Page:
Galen: I think Christianity has (in general) much less claim to self-preservation. In my experience, the groups within Christianity most likely to need that (often, LGBT-affirming Christians) are the ones pushing for internal dialogue. The ones who don’t want it are the ones who think the status quo must be defended at all costs. That’s mostly what I’ve seen (and experienced when I was a Christian expressing dissatisfaction about Christian culture) from Christianity.

And to be honest, that’s true of atheist and skeptic communities. There’s an established order, which tends to be white and male (of course), and pushes for diversity or social justice get met with resistance from certain corners.

Andy: Well, an example, I think is particularly happening far too often in that any POC that rejects a Eurocentric Gospel is almost immediately anathematized from Evangelicalism.

If I so far as suggest a question that might challenge their white doctrine, I’m excoriated and dragged away from the table I refuse to leave; nowadays we just built our own table (thankfully) and it seems like soon enough they’ll be asking for a seat.

Hind: Are they upset by their doctrine being challenged because they think multi-culturalism is a secular invention and they don’t want any secular influences? Or because of good ole white supremacy?

Galen: Yes.

Andy: I don’t want to bring the conversation south, but Hind, critiques of the #BlackLivesMatter movement…  when are they okay from the outside?

Hind: From my experience, I expect that outside critiques will come in whenever a minority group leads the charge on social action. It’s not even really a matter of whether the outside critiques are OK or not — they are just a reality. My philosophy is that people can talk smack all they want, but I maintain the right to not have to engage them if I don’t want to. Life is literally too short. This isn’t to say that critiques are unimportant. I think they are vital to the growth and effectiveness of any social movement or faith group. And when offered in good faith (heh), even from the outside, from a neutral or even antagonistic observer, they can be very healthy indeed.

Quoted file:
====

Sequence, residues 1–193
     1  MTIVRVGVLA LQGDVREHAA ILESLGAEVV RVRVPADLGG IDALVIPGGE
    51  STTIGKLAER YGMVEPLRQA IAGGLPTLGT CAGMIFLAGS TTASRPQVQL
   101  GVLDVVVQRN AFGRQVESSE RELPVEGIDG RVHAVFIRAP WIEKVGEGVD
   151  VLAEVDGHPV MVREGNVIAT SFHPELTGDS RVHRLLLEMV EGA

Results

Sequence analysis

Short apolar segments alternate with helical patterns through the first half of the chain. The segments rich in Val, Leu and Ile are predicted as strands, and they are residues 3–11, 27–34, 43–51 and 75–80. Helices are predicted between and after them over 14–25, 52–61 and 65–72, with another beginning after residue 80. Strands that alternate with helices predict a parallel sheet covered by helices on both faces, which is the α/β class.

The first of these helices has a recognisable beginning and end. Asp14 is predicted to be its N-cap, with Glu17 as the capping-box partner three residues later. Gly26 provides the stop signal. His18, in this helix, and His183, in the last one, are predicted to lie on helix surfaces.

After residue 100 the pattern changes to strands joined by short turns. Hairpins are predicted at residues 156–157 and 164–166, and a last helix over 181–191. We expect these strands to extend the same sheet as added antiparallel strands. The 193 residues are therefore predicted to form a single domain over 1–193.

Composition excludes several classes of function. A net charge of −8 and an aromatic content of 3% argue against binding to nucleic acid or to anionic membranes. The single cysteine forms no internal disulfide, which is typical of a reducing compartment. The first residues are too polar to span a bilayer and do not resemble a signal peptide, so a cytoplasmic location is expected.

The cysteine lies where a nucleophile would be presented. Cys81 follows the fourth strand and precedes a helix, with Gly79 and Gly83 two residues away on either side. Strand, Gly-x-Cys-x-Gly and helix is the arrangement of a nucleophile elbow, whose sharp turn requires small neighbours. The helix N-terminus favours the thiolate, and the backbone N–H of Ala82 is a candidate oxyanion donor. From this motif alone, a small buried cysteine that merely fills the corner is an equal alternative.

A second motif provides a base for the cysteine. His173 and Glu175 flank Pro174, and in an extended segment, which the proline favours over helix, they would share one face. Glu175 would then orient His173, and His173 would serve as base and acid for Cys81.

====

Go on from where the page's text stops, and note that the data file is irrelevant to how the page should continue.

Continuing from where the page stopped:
Andy: Yes, I just feel that being a “POC” within evangelical circles and families is frustrating in that many of the younger fellow evangelical comrades of mine, we have a tough time recognizing what you said: “they are vital to the growth and effectiveness of any social movement or faith group.”

And I think that many of the evangelicals at our table have a fear in engaging this conversation… When yes, I think the fear of hurting/harming is real and necessary, but their wisdom and words are needed, too. (You gotta know it’s taken me, personally, years to get to this point in acknowledging what you said, Hind, regarding their words [that are healthy] being vital.)

While some of them utilize this silence and lack of critique/comment to selfishly not engage.

Hind: I hear you. I don’t know what to say other than that America’s “first sin” was white supremacy and we are still dealing with the effects. There were noble efforts by some Christians to challenge that in limited ways (thinking about abolition, for example), but self-critique is hard. Which is why, I think, people put up barriers even within a group and push those who are agitating for change outside the group by virtue of their critiques. I can’t speak to your experience, but I’ve definitely seen that. “If you don’t like it here (in this mosque, in this community, in this country), then leave!” Why should I leave here, when I am part of “here,” too?

Galen: I see that tendency to disengage with atheist groups. I admit that I’ve been somewhat guilty of it myself.

Hind: Yeah, I’ve disengaged with the mosques near me because I’m tired of putting up with a lot of “isms,” but I refuse to disengage with the faith community.

Galen: That feels like the self-preservation that I see: people detaching themselves from individual communities (and sometimes the larger ones) because they can’t tolerate the racism, sexism, homophobia, etc. of the group. I can’t say that I blame anyone for that.

Hind: Exactly, it can be very toxic and debilitating to be in that kind of space, especially if you joined that space, in the first place, to become more mindful of the Big Picture.

Going back to Galen’s point about some communities worried about their dirty laundry getting aired, I always say: Let’s do our laundry and we won’t have to worry about it getting aired. 😉

Galen: Can’t argue with that.